What Stumbles: She is trying to do too much in this book, particularly weakening in the sequence about Houdini and his wife Bess. Yes similar preoccupations with relationship, fatherhood, fertility and loss are present but Harper didn’t give herself enough space to truly take the reader into her fascination with the escape artist’s spouse. And sometimes the concept, as in the section, “Papa Hotel” where she imagines her father as actors from Jack Nicholson to Peter Falk, is more interesting than the poems, which here, fall frequently into flattened prosiness, like the lines, “But/inside it feels nice, the air is thick and warm, and there’s only enough room/for the two of us.” I wanted more Pinocchio! 🙂
What it Echoes: If Harper had sustained the Pinocchio sequence into a book-length sojourn (as I had perhaps anticipated too much with the title Wood) then it would recollect The Love Song of Laura Ingalls Wilder by Sharon McCartney or Margaret Atwood’s The Journals of Susanna Moodie or maybe Ondaatje’s Billy the Kid. There is so much going on in this book I can’t really sum it up with many other applicable allusions.
3/Marita Dachsel’s Glossolalia:
What Shines: The fact that Dachsel created a whole text from her absorption in the lives of Joseph Smith’s wives and the historical complexities of polygamy. Taking that kind of risk I think is important, even if a wholly successful result is usually elusive. The shifting texture of language between the insertions of the Doctrine and Covenants with their Biblical imperatives and lexicon of “abide and cleave” is potent set alongside the looser, more realistically truthful rhythmic patter of many of the wives such as Hannah Ellis with her drone of “I live a boring life in a boring house/with my boring boring.” Just the names of these wives are poetry. I mean Delcena Diadamia! Naming them and giving them voice is a vital task, particularly bold in pieces like “Maria & Sarah Lawrence” where the two sisters married to Smith provide counterpoint versions of their wedded experience: “I’m the one/who will/who won’t/be remembered.” I also liked Rhoda Richard’s monologue that centers on the metaphor of the nest. And these euphonic lines: “loss, a lure, caught/shredding what they once knew true.”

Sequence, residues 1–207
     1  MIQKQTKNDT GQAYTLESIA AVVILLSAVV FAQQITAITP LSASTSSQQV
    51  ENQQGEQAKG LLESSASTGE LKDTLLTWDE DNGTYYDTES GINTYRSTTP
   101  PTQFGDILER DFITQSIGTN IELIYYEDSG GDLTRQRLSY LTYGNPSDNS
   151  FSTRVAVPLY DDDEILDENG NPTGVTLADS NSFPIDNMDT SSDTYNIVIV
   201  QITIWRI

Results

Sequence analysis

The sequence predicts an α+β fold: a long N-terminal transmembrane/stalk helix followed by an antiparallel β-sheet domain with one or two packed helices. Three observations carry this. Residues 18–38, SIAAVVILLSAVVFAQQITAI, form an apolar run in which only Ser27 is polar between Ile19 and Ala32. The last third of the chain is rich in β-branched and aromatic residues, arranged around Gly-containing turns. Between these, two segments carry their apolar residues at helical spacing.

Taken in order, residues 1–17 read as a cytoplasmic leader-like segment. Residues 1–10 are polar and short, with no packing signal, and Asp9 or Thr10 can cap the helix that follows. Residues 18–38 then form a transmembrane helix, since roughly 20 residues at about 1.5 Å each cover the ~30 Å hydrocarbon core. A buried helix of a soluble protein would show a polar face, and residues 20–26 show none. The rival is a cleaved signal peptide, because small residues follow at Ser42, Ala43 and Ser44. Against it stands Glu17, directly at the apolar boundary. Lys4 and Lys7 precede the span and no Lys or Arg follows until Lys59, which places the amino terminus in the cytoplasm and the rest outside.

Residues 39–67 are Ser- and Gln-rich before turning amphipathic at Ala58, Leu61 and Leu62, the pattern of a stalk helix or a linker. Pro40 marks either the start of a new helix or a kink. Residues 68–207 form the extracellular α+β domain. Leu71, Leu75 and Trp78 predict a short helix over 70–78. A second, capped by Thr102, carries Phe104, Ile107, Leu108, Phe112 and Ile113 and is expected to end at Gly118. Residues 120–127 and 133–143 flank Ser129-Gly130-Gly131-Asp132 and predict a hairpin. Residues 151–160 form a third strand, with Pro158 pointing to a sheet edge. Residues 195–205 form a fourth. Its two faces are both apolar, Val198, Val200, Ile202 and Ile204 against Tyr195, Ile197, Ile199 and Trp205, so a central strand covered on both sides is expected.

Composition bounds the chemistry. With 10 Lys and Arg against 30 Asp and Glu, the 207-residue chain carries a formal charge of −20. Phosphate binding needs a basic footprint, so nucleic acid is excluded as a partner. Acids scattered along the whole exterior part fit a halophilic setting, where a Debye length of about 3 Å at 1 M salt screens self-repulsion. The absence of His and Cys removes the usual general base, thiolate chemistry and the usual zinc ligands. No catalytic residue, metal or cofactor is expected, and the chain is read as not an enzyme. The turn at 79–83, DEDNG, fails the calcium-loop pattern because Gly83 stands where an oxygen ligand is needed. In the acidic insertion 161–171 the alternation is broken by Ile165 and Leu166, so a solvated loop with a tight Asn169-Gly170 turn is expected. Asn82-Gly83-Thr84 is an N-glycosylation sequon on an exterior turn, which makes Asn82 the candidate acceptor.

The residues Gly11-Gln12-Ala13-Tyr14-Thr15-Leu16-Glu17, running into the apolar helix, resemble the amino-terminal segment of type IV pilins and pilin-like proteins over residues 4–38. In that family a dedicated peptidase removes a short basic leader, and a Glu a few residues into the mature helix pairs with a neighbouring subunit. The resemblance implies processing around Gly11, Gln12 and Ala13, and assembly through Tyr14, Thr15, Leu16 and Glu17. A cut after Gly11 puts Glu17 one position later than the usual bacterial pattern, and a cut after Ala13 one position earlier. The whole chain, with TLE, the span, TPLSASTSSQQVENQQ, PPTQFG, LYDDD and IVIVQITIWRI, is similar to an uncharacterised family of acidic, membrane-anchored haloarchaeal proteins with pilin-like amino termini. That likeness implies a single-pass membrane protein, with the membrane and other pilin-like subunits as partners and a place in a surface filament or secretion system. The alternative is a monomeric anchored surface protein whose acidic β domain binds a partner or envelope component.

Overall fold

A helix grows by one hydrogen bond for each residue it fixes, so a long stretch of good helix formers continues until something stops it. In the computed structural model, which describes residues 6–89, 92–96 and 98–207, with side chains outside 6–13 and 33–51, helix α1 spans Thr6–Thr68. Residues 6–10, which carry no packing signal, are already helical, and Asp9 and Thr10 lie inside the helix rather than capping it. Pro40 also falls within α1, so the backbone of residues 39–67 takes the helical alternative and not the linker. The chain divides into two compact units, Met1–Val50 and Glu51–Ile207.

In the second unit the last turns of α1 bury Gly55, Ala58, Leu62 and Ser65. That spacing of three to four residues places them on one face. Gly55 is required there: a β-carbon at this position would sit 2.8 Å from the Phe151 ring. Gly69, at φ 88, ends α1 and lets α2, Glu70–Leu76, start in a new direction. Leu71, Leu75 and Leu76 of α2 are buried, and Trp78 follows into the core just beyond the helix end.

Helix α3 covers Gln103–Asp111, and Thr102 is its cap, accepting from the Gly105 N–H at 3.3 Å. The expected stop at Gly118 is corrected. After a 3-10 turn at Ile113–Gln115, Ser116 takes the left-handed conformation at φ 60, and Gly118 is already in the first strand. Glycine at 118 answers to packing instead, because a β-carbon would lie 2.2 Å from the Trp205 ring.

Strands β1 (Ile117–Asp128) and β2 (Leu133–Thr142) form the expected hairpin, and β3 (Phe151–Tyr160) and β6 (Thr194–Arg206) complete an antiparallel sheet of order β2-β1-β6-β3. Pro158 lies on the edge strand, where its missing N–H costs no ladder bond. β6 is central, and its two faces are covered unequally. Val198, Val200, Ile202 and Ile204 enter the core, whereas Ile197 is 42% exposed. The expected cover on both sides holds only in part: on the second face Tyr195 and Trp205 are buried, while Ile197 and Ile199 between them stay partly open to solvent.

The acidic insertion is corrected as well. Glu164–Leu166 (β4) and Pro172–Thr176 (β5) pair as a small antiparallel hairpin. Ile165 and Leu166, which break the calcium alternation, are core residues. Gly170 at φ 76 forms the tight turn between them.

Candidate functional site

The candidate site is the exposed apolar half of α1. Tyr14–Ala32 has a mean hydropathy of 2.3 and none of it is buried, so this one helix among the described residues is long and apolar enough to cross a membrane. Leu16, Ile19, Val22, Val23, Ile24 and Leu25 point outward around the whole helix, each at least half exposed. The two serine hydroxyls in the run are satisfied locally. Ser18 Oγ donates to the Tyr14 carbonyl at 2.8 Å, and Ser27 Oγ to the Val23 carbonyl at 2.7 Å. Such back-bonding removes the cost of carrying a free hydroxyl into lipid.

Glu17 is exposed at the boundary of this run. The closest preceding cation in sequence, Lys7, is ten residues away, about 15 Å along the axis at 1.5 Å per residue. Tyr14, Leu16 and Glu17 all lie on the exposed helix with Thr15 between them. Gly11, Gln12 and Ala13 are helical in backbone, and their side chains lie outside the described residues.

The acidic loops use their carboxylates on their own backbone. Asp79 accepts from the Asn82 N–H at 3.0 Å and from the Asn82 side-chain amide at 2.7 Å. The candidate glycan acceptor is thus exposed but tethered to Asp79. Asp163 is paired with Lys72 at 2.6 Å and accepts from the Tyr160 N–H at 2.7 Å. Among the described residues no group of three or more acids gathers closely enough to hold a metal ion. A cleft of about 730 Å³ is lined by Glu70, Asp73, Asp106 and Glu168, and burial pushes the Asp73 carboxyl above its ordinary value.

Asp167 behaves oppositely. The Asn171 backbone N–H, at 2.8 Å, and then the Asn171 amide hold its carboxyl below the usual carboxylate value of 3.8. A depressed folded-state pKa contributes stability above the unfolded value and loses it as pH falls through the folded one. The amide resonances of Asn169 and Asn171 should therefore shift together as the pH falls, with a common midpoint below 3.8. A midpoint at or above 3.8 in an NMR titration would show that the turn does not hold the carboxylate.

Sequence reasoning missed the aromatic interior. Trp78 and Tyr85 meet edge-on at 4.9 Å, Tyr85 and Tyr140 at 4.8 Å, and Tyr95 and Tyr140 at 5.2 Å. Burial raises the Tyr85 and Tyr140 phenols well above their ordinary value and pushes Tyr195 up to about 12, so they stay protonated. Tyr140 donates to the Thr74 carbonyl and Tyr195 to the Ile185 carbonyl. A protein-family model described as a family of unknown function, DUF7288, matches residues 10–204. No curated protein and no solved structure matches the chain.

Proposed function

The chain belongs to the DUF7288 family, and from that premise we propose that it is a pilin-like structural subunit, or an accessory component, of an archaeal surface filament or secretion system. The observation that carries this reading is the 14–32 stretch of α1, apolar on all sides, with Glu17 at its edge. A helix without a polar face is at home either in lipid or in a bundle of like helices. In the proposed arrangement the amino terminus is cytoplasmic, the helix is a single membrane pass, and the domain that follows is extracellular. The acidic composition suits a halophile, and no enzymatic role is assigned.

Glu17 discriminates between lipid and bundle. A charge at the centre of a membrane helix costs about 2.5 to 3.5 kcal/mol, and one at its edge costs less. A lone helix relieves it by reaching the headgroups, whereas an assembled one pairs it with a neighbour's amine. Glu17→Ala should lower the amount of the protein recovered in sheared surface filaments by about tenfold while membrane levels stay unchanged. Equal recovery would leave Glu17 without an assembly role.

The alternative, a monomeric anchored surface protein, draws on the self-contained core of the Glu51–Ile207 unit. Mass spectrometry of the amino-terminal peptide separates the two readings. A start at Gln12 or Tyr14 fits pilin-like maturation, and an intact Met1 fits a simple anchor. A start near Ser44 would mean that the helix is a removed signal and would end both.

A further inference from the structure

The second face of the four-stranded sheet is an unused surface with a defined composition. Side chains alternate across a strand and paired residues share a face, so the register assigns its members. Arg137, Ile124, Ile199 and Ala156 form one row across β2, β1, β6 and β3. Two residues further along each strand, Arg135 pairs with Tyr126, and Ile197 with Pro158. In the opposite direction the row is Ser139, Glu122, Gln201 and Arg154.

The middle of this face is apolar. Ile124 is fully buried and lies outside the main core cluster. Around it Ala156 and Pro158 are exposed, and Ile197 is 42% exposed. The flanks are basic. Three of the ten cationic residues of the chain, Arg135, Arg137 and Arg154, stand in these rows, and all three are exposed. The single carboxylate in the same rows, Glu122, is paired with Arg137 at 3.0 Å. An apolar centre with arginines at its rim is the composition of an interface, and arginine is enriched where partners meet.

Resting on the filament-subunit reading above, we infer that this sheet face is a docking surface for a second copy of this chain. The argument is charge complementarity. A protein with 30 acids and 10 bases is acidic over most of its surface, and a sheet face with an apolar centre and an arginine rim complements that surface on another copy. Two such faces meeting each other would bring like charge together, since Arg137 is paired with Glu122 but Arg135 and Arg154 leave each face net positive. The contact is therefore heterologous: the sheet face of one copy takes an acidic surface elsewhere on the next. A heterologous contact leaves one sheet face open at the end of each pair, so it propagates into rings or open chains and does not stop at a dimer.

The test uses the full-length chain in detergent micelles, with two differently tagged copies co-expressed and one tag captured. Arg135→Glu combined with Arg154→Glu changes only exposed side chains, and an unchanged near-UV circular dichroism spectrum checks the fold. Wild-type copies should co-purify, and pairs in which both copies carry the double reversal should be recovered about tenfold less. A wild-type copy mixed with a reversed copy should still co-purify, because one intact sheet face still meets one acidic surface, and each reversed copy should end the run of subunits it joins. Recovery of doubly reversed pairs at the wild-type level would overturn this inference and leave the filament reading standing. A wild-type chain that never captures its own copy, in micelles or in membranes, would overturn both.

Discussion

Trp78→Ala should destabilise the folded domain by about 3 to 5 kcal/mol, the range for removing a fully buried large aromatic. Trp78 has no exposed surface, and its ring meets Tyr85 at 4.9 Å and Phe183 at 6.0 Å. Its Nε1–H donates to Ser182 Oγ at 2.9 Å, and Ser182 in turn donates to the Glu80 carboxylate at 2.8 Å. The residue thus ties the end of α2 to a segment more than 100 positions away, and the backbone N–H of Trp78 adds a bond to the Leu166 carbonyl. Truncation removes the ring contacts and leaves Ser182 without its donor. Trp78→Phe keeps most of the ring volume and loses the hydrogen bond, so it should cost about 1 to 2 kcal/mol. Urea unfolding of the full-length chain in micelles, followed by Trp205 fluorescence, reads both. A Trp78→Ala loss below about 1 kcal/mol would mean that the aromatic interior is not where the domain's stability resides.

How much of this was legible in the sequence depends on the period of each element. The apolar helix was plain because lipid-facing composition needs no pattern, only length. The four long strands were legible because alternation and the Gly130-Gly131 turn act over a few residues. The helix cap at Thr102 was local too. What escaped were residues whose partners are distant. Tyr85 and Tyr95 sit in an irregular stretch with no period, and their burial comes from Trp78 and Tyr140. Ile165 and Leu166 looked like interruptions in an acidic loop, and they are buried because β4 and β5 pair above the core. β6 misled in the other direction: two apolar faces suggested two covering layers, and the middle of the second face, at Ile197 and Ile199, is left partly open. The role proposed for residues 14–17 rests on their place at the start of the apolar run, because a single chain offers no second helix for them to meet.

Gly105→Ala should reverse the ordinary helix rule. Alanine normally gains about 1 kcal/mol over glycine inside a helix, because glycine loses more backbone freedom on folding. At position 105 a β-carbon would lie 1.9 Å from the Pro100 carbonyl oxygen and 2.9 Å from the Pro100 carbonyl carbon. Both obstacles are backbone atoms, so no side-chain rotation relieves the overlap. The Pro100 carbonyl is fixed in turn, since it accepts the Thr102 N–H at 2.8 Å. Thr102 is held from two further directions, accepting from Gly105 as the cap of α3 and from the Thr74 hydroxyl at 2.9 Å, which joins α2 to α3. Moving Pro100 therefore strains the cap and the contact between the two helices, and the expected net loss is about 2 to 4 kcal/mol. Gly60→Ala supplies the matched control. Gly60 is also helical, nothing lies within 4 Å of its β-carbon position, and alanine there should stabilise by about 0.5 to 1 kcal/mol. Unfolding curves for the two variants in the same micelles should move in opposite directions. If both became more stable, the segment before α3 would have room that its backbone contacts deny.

What Stumbles: While many of Harper’s poems might have made for stronger stories, Dachsel’s poems add up to a play along the lines of Top Girls by Caryl Churchill or Les Belles-Soeurs by Michel Tremblay. Their endings often peter out so a poem that is sharp at the start such as Nancy Maria Winchester: “I didn’t know how to mourn,” becomes lacklustre by the finish: “the man I married, the woman/I hoped to become.” If they were part of a dramatic production then viewer could weave the weaknesses into a more powerful vision perhaps than this reader is capable of doing with her hunger for more perfectly witnessed-to lyrics. Also, the erasure poem, Lucy Walker, was a terrific idea but the found words don’t add up to anything especially compelling: “remain/follow/change/change/receive/comfort/return/calm” (Part One). And at times, when the women descend into contemporary lingo like “God, just the thought of eggs make me want to hurl,” the poems become too eager for accessibility. Yet, as noted, Dachsel has taken on a task easy to falter at, something I definitely discovered in the process of writing my book on the life of the pioneer photographer, Mattie Gunterman (Seeing Lessons, 2010), and has risen to the imagination’s quest for entrance at a depth into the psyches of invisibilized others.
What it Echoes: Apart from the noted allusions, how about Hildegard von Bingen, BIg Love (HBO show), Paint your Wagon (1969 film), The Dinner Party by Judy Chicago (art installation, 1979) and a straw pie cut into infinitesimal slices.